The Shared Electronic Health Record was first trialled in Katherine after research had shown that communications barriers between different providers of health care for Indigenous Territorians were resulting in hospital re-admissions, service duplications, and self-discharges – all having a potential for adverse health outcomes.

Release Ends.

Obviously to discover more was irresistible – had nirvana arrived I wondered.

The initiative has a web site and this can be found here:

A later press release also makes some pretty big claims

eHealth in first place at the Imparja Cup

Wednesday 30 January 2008

eHealthNT’s Shared Electronic Health Record is delighted to be a major sponsor of the 2008 Imparja Cup, the pinnacle of Indigenous cricket.

The Shared Electronic Health Record (SEHR) is a dramatic advance in health care delivery, allowing patients to have their health records stored in a secure repository, accessible from multiple health sites, with patient consent. The Territory is a national leader in the implementation of the new system.

John Fletcher, Director of the eHealthNT SEHR, said that instant access to accurate health information can be the difference between life and death, particularly in emergency situations.

“The new service means patients can be reassured that there is a safe system allowing doctors, and other health carers, to access their health information. For a highly mobile population, as the Territory has, this system represents a quantum leap in patient care, especially for people who use different GPs, or a number of health centres. Patients no longer have to request file material, or recall prescriptions, and other treatment information – it’s already there, and accessible, if you’re signed up for the SEHR.”

Read more at site

What is really being done here is made clear when the following page is browsed:

In summary what is happening here is that the secure messaging system Argus is being used to transfer discrete records, with patient consent, to a repository. The repository is arrange by patient record number. The server / repository has a record viewer that can display these records.

All this is, as NT claims, way ahead, in a conceptual sense of what is happening elsewhere in Australia – and for that it deserves the strongest commendation and encouragement but there are some issues.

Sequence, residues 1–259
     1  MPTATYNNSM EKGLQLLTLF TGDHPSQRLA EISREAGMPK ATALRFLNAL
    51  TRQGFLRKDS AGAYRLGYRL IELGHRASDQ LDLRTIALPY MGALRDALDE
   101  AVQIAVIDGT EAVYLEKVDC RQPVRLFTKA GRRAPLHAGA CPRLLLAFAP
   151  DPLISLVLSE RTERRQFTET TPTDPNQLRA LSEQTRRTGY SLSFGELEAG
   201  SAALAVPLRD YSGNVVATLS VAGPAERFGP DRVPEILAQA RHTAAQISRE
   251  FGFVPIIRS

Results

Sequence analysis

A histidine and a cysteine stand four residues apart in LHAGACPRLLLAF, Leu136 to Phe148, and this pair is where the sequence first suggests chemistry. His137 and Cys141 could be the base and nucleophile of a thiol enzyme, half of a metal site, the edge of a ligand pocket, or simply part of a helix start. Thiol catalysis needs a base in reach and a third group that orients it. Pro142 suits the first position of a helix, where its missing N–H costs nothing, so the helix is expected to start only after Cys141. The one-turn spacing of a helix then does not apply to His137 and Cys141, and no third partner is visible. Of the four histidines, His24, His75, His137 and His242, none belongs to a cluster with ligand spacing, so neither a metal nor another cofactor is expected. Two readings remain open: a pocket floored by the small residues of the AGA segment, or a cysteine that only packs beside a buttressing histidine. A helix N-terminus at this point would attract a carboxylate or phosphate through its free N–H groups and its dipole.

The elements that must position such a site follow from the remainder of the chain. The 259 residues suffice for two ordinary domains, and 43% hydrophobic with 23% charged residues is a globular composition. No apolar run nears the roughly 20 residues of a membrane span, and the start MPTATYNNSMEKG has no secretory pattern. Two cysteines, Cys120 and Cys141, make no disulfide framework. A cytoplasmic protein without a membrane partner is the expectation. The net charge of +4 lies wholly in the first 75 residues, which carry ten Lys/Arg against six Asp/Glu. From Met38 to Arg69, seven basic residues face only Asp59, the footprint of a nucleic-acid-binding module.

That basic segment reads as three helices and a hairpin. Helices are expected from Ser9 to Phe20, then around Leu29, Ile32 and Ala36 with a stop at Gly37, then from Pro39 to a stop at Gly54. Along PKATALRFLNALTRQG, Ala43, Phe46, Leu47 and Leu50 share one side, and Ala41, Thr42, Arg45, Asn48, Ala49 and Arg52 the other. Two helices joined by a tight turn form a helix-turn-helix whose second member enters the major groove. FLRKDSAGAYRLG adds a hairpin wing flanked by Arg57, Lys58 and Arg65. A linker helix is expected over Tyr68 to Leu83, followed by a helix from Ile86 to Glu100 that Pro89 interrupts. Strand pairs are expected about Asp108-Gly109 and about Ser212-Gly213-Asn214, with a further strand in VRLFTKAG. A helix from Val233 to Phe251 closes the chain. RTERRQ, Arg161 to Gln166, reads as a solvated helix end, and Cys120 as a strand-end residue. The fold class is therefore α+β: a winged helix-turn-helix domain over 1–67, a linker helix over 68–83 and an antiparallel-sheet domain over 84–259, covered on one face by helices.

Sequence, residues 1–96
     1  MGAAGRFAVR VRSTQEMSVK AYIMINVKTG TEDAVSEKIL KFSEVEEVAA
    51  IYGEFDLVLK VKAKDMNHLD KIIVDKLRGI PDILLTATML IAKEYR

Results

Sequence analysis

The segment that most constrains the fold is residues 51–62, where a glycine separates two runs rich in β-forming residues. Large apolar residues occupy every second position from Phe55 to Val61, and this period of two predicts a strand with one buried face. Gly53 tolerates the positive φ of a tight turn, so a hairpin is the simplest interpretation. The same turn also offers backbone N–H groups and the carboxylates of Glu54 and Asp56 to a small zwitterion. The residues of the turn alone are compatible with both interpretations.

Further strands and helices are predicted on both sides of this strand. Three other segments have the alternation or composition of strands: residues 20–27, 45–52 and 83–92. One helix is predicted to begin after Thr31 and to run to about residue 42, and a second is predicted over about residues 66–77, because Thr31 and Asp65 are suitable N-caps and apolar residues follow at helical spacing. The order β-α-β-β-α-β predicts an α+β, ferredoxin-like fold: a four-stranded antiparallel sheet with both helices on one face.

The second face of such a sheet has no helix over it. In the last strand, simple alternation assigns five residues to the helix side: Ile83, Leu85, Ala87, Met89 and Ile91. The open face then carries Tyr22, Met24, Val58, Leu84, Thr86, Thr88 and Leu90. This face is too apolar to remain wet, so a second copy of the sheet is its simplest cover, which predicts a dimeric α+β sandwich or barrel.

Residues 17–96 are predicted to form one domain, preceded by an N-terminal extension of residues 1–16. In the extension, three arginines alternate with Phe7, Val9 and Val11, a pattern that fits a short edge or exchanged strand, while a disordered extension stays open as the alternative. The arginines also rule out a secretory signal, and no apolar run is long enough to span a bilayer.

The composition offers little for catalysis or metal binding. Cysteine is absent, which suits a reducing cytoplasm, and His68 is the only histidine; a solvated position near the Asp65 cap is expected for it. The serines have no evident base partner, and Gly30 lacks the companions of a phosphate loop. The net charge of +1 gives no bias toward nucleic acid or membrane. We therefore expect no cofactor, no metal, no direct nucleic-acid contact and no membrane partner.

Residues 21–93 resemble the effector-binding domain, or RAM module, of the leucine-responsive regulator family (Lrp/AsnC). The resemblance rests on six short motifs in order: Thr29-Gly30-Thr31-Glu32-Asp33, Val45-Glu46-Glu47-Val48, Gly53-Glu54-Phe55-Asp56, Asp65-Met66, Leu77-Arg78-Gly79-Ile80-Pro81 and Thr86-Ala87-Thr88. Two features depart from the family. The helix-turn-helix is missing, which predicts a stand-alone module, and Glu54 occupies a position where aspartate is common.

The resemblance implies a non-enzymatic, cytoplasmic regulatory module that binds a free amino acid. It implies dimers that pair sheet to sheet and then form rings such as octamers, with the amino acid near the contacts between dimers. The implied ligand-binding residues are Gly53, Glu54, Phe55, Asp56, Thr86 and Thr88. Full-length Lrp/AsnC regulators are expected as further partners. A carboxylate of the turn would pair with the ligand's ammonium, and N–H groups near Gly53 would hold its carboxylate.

On the positive side it is great that a rational and appropriate approach is being adopted to patient consent and patient control – although it would be good if in a later release the consumer could access and review their record with the doctor possibly explain what it all means.

The problems I see with the architecture approaches being deployed are:

1. A possible lack of scalability of this architecture beyond 2-3 times the present number of users without a range of issues emerging.

2. The rather lump like nature of the data being captured. A newer version might use some of the recognised data and information standards for health summaries.

3. The potential lack of robustness of the document identification numbers with some attendant risks for document mix up.

4.The possibility of a lack of granularity as to just what records a particular provider may access. The risk of abuse of such a system rises exponentially with the number of users who have access to the database.

It is worth noting that the Argus e-mail technology is also being used to enable secure doctor to doctor messaging and the e-prescribing pilots.

I look forward to some evaluation of all this work so the appropriate lessons can be learnt and adjustments made to make it all work more successfully and safely than now.

Well done to the team and I hope they can continue for forge ahead. Their site is well worth a browse to understand what is happening in the Top End. However, that this would be seen as progress really shows just how behind Australia is compared with places like NZ, Denmark, Holland the UK and so on.

In passing I note that the NT web site provides official confirmation of the death of the Australian HealthConnect program – even the name has now been abandoned! I wonder what will become of the SA, NSW, Qld and Tasmanian manifestations of this totally discredited and shockingly managed waste of public money – no wonder NT was keen to see the name go! The silence from all these has been informative. I note the Tasmanian program now says it is in its final stages and SA HealthConnect is changing project names and saying it is out of funds in August 2008 – unless renewed!